The hard cider industry has grown in popularity over the last six years — and more than 850 percent in the United States, according to Prof. Gregory Peck, horticulture, who has been researching and improving hard cider production for the past four years.
Since arriving at Cornell as a tree fruit scientist in 2015, Peck has dealt mostly with sustainable fruit production — researching soil management, orchard management and organic production systems. He and his team, consisting of two graduate students, work hand in hand with apple growers, researching the orchard side of production.
“The goal is to find the optimal growing conditions for these trees in order to produce the kinds of apples the hard cider industry is looking for,” Peck said.
Although any apple can be used to create hard cider, there is a range of quality based on the type of apple, according to Peck. Dessert apples and culinary apples — such as Granny Smith apples — create acidic, sharp-tasting cider.
However, most growing hard cider apples tend to harvest more complex apples that are not palatable to eat. Peck said when these apples are fermented, they mix well with alcohol and create a desirable taste.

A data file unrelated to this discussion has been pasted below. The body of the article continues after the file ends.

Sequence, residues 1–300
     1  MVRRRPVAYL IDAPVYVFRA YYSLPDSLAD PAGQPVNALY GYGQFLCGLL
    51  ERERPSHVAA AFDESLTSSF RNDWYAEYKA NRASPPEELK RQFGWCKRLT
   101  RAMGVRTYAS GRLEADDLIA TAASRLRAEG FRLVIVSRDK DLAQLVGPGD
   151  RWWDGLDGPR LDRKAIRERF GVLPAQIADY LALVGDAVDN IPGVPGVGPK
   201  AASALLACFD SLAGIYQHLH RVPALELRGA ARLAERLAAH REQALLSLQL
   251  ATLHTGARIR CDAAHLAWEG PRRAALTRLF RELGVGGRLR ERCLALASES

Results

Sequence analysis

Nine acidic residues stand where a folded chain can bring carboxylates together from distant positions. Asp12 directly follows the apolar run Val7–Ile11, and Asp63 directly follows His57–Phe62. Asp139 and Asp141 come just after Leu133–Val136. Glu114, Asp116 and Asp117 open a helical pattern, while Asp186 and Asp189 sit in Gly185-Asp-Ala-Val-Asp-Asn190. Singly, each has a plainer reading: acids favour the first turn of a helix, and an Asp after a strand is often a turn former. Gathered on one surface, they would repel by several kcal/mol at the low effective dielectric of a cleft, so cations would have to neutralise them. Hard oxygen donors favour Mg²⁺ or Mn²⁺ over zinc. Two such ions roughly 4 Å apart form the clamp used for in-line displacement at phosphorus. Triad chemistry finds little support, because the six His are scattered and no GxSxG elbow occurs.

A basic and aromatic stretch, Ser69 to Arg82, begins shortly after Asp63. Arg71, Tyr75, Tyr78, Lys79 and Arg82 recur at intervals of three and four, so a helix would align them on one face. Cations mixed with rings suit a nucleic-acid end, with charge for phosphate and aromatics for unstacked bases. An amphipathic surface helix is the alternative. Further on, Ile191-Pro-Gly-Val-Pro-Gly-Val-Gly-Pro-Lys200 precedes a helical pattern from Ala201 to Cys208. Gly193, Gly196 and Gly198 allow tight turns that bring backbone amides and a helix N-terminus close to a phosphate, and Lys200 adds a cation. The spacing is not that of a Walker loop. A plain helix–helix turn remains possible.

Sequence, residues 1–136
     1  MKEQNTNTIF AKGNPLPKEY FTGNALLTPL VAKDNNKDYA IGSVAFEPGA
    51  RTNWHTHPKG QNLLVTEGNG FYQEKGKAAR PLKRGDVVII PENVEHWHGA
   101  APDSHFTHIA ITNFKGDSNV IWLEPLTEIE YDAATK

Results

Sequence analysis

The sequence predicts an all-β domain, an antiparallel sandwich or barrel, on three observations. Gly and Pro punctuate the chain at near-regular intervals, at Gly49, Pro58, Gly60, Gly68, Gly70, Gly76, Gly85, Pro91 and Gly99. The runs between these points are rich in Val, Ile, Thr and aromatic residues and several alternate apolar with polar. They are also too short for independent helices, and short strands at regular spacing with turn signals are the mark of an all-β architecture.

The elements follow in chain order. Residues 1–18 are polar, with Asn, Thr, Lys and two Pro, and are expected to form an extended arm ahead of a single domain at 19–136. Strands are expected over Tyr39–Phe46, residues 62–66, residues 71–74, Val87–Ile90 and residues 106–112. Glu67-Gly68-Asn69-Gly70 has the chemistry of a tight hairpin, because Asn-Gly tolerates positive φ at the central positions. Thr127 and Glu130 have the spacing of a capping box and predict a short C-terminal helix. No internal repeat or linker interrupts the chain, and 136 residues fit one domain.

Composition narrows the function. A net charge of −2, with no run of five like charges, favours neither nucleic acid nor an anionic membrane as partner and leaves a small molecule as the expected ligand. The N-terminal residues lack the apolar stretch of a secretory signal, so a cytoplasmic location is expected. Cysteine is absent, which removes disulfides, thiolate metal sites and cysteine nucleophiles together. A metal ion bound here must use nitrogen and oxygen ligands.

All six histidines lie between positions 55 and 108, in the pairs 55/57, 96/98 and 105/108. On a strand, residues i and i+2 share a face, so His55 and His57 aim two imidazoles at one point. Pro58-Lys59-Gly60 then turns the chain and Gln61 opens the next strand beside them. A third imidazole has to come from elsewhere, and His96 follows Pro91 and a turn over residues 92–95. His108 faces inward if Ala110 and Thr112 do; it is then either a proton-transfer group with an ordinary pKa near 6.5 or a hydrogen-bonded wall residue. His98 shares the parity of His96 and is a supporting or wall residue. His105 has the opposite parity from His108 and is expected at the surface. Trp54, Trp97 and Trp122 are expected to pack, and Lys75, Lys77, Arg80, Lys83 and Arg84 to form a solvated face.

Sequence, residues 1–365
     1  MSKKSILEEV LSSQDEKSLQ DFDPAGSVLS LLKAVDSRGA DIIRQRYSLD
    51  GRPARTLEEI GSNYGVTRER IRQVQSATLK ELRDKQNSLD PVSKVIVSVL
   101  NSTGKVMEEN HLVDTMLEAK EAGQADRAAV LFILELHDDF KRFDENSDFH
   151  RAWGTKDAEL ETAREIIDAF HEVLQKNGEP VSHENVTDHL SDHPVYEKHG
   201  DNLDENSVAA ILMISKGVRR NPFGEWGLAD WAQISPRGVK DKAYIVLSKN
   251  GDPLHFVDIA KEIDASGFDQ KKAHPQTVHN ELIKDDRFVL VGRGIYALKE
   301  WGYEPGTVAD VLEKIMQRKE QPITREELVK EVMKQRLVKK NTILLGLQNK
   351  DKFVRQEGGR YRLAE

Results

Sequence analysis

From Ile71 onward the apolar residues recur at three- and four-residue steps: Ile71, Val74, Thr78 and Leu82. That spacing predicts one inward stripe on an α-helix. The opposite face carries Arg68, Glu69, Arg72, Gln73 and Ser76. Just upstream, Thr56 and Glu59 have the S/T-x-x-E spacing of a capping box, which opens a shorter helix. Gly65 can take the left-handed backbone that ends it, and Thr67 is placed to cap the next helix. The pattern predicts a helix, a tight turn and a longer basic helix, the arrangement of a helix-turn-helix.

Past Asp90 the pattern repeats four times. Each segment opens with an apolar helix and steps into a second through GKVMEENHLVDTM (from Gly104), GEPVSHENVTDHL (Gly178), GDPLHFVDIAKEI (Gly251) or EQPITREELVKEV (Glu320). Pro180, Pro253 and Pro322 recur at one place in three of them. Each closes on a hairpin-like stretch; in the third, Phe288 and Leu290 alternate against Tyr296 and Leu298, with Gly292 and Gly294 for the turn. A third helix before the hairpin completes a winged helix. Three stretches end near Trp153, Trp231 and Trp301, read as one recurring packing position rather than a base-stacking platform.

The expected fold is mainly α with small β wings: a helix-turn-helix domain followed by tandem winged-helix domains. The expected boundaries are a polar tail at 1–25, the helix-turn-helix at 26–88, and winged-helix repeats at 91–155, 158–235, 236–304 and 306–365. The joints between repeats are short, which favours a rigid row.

Peck said hard cider apple growers look for apples that have tannins — a chemical compound that adds “bitterness” and “astringency.” Once fermented, the tannins create what cider and wine makers call “mouthfeel.”
“[Mouthfeel] is when the product lingers longer when you taste it, adding a layer of complexity,” he said.
Traditional cider apples were more common in Europe, but as the industry grew, many apple farmers in the United States have decided to start harvesting these specialized apples as well, according to Peck.
Creating hard cider offers apple growers another avenue of profit for their product, Peck said. He added that the hard cider industry is the “fastest growing segment of the alcohol beverage market.”
While hard cider apple farmers have to address issues of apple disease resistance and storage life, their main problem is crop consistency, according to Peck.
“Many European cider varieties have a biennial bearing habit, which means that one year they have a lot of fruit and the next year no fruit at all,” he said. “[The biennial bearing habit] makes it hard for cider producers to use specific cider varieties when they only yield fruit every other year.”
Peck explained that he uses resources from many upstate New York facilities to conduct his research. He added that he is currently receiving funding from the New York State Apple Growers.
Peck also works for the Cornell Cooperative Extension program, where has taught workshops, held tours of apple farms and research centers and presented his research to many commercial growers.
He said he plans to continue researching and hopes his work will benefit apple farmers around the world.
In honor of Ithaca’s annual Apple Harvest Festival, Peck and his research assistants hosted a cider tasting on Oct. 2 at the Cornell Orchards from noon to four p.m. The public was able to mix different varieties of cider blends to create their own drink.